While claiming there is "no evidence" that Joe Biden, or his son, Hunter, did anything wrong with regard to their ties to Ukraine, Hillary Clinton said Tuesday it was "fair game" to question their "judgment" in getting involved financially in the country.
Clinton accused President Trump of spreading disinformation about the former vice president to confuse the electorate, but also acknowledged there may have been questionable actions regarding Biden's son, and his ties to the Ukrainian gas company Burisma Holdings. Hunter reportedly was paid $50,000 a month while Burisma was under investigation for corruption.
"This is the goal of the Trump strategy. It is to raise questions," she said on PBS News Hour. "There is no evidence that either one of them did anything wrong. Could there be a question of judgment about his son? Well, that’s fair game. But there is absolutely no evidence, and there will not be any evidence, that Joe Biden did anything wrong.”
As an impeachment investigation continues to heat up over a phone call Trump had with Ukranian President Volodymyr Zelensky, he and other Republicans have pointed to Biden's connection with Ukraine and cried hypocrisy.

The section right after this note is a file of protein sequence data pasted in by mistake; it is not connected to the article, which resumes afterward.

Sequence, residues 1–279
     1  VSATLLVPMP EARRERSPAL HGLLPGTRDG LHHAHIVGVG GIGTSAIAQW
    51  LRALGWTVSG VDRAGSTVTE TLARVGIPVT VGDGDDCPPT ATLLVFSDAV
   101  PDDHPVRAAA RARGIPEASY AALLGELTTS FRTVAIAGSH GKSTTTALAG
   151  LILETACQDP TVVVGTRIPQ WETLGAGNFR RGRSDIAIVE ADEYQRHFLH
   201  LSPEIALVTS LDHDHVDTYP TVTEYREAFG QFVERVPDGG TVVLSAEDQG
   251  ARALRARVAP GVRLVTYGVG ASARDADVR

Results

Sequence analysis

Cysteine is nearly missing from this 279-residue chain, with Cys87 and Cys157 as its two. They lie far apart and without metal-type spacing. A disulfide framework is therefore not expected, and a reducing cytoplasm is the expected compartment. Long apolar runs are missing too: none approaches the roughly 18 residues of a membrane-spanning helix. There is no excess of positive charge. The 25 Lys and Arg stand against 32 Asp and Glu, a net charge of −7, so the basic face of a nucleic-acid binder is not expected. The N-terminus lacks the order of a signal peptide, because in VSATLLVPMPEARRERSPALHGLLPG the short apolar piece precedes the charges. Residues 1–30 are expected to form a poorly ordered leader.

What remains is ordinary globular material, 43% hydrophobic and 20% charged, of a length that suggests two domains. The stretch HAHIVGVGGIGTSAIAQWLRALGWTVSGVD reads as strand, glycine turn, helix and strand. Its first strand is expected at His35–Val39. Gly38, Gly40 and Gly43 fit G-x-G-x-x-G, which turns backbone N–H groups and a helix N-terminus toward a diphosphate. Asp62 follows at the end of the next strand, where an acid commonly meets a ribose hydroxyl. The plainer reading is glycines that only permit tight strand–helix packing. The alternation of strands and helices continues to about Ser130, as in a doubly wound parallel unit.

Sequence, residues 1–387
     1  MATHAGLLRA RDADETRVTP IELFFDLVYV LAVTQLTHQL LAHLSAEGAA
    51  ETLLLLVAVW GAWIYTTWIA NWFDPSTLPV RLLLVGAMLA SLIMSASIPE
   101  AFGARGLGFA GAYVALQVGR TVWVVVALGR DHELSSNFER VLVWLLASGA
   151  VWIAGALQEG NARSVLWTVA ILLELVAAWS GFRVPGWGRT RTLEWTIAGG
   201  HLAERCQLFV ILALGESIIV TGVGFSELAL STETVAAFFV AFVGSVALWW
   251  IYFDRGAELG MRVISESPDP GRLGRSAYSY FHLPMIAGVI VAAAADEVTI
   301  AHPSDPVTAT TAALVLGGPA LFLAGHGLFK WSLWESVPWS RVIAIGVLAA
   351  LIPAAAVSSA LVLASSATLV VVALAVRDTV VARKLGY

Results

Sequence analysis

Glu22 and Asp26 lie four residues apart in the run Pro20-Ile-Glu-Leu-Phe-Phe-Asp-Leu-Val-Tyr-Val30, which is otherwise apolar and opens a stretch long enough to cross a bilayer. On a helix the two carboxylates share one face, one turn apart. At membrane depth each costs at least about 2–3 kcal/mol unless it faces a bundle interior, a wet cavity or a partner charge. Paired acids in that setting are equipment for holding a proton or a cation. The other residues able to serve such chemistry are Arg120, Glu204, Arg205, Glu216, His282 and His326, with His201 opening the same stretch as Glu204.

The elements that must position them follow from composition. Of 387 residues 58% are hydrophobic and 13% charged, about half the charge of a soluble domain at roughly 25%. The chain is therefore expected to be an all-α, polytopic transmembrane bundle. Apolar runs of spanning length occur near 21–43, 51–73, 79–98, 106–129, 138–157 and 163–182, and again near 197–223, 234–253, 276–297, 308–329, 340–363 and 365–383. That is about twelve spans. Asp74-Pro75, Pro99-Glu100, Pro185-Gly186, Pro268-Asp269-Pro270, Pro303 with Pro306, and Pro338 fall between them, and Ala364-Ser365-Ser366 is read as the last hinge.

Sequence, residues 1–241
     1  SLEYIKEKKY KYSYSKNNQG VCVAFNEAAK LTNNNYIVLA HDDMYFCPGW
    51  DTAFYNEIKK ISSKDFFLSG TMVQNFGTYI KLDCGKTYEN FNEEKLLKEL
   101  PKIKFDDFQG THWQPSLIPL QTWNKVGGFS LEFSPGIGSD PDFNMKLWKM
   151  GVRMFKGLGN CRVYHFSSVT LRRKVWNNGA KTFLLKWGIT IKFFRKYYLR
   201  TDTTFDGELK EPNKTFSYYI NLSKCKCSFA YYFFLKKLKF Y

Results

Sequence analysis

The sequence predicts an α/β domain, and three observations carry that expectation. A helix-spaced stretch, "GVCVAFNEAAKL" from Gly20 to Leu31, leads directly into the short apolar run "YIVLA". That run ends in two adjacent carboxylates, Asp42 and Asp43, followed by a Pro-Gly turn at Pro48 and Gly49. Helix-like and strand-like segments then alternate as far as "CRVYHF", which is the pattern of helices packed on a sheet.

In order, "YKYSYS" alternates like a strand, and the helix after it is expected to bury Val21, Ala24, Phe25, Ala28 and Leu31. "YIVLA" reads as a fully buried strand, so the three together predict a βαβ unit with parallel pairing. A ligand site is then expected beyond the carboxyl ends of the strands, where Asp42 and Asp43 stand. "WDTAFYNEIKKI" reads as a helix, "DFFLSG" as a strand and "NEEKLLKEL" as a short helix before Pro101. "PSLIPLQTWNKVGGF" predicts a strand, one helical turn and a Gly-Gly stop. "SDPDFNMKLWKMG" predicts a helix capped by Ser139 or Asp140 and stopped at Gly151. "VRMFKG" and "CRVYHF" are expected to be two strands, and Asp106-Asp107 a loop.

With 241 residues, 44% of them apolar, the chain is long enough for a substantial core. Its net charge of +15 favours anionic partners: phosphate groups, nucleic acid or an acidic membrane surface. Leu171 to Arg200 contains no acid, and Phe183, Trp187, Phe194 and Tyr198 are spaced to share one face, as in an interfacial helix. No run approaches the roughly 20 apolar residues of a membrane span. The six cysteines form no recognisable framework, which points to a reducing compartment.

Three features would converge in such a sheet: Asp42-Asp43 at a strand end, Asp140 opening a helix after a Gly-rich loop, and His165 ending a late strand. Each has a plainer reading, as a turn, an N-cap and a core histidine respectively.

Trump referenced a photo of Joe Biden golfing with Hunter along with executives from Burisma Holdings on Sunday, saying it constituted evidence of bribery and was a clear example of pay-to-play politics.
"The Biden family was PAID OFF, pure and simple! The fake news must stop making excuses for something that is totally inexcusable," Trump tweeted. "Sleepy Joe said he never spoke to the Ukrainian company, and then the picture came out where he was playing golf with the company boss and Hunter."
Joe Biden was also criticized for bragging on camera about getting top Ukraine prosecutor Viktor Shokin fired, while he was investigating Burisma Holdings in April 2016. Biden claimed he does not discuss business with his son and has never spoken with Hunter about his Ukraine business dealings.
Fox News obtained copies of Rudy Guiliani's notes from a private interview he conducted with Shokin in January 2019, in which Shokin claimed he was told to back off from the investigation.
“Mr. Shokin attempted to continue the investigations but on or around June or July of 2015, the U.S. Ambassador Geoffrey R. Pyatt told him that the investigation has to be handled with white gloves, which according to Mr. Shokin, that implied do nothing,” Giuliani's notes stated.
Fox News' Brooke Singman contributed to this report